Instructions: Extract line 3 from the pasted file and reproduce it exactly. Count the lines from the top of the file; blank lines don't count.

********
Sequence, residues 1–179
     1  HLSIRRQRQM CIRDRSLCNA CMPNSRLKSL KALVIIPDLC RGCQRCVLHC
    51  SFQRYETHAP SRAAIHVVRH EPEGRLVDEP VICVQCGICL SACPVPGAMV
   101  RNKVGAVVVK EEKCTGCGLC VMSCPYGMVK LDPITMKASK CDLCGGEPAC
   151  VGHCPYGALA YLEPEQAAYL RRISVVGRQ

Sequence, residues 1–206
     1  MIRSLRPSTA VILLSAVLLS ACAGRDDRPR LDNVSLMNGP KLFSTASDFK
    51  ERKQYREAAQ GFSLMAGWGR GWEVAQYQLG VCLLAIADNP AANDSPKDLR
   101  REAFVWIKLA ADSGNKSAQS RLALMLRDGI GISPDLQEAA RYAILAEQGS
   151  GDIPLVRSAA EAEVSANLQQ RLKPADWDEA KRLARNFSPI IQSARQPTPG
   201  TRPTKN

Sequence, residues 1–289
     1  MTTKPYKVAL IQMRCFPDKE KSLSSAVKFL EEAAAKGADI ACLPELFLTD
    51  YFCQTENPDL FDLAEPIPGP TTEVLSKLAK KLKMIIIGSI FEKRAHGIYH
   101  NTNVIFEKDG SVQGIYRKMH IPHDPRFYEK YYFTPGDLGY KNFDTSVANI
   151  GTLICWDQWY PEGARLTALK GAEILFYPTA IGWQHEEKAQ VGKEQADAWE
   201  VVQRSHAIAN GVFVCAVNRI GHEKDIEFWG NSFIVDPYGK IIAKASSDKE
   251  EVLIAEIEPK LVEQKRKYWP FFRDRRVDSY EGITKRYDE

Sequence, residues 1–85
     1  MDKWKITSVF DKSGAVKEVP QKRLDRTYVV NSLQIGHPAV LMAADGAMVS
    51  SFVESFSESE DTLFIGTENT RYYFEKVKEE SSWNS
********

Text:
    51  SFQRYETHAP SRAAIHVVRH EPEGRLVDEP VICVQCGICL SACPVPGAMV